In the run-up to the anniversary of the attacks of September 11 2001, the Obama administration is circulating two different messages: one for domestic consumption, and one for its overseas allies.
The first message is aimed at rallying political support, and is likely to tout the killing of Osama bin Laden as an operational victory in the midst of a larger strategic campaign. The second message emphasises that the anniversary of 9/11 is – according to one official – 'not just about us.' The Obama administration seeks to transmit what it calls a 'positive, forward-looking narrative' to its allies. Yet how positive can the US and its allies be in the continued struggle against Islamic fundamentalism?
On the one hand, we have moved away from the presumption (led by the US) that the 'war on terror' was the defining strategic imperative – or the ordering principle for international security – of the era. This is a welcome fact for the very reason that the war on terror was unwinnable. It was exhaustingly costly to those who chose to wage it – from the lives lost, to the material and economic costs, as well as from a political standpoint.
The challenge of global Islamic terrorism now has diffused into a set of diverse risks: it has joined the ranks of older Cold War threats such as nuclear proliferation and state failure – and also the ranks of newer 'post-modern' risks such as cyber-war, climate change, and energy security.
Policy-makers need to respond with a pragmatic, realistic assessment of fighting terrorism in such a complex strategic landscape. It will require creative thinking in terms of resources, infrastructure, and partners – specifically, dynamic relationships with new partners with whom America and its allies have not previously engaged.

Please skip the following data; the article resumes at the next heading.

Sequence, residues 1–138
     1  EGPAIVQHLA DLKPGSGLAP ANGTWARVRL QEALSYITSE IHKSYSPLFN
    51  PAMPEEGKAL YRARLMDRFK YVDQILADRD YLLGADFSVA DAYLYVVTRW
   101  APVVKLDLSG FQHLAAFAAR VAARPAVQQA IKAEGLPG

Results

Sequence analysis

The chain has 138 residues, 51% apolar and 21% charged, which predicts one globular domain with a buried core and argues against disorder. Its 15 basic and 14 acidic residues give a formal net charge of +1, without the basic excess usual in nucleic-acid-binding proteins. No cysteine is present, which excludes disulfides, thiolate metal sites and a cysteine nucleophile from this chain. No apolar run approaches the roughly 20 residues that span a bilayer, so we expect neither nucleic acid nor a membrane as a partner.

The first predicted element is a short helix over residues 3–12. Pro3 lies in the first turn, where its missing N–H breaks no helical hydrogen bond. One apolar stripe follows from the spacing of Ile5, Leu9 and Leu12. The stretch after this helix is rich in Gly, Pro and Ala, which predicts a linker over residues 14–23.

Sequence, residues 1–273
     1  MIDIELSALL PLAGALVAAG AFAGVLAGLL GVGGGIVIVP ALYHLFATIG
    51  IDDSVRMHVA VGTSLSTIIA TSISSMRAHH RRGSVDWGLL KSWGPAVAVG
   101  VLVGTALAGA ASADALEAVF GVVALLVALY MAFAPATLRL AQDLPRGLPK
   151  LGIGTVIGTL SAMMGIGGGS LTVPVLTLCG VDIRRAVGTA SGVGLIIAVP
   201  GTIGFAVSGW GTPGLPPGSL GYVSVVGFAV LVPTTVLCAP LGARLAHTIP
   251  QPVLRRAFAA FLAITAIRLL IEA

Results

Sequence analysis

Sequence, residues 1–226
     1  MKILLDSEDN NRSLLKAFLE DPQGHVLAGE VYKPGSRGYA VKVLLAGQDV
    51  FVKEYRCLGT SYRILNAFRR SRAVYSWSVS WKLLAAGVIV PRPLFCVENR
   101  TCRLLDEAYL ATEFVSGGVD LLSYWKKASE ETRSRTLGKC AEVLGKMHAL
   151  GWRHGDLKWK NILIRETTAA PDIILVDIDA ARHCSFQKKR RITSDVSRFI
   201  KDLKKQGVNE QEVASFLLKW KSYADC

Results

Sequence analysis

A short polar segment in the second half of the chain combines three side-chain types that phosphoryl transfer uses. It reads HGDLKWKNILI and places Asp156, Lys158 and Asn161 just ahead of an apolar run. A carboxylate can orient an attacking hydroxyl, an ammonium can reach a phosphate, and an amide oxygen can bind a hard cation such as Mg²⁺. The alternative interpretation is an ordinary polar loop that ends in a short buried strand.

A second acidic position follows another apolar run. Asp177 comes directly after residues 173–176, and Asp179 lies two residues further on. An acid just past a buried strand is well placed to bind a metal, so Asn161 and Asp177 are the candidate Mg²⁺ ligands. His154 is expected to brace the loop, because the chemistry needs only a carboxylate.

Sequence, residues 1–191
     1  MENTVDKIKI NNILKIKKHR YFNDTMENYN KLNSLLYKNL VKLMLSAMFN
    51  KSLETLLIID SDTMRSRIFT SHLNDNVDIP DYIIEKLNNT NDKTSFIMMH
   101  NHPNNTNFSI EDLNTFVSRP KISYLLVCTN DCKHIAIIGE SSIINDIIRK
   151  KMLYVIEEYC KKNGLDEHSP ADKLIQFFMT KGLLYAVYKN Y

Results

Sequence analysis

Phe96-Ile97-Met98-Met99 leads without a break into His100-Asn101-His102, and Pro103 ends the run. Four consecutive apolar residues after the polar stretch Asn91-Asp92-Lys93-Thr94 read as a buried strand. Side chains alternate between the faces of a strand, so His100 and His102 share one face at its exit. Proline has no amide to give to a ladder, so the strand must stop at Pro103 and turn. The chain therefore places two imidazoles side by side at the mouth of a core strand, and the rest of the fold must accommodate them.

Crucially, this means that the US should not view risks such as terrorism through a Cold War system of deterrence, which is currently being hyped as Washington’s innovative strategy on terrorism. This 'new' policy of containment and deterrence is not entirely engaging and creative, and fails to take stock of the complex strategic landscape in which Euro-Atlantic societies operate. Yes, drone attacks are effective and promise immediate effect without lasting commitment, but disrupting transnational and global terror networks, engaging with partners on terrorist finances, halting piracy off the coast of Somalia – all of these risks require new thinking. The US could lead the way by adopting a flexible combination of tools, allies, intelligence, and push to engage with countries such as Russia and China.
Such a policy shift is politically expensive in the West: it necessitates an admission that the single risk of terrorism has been supplanted with many others, and furthermore that risks cannot be managed alone and may require cooperating with non-traditional allies or even the 'bad guys'. Only in such a way can the US and the wider West be 'forward-looking' beyond 9/11.
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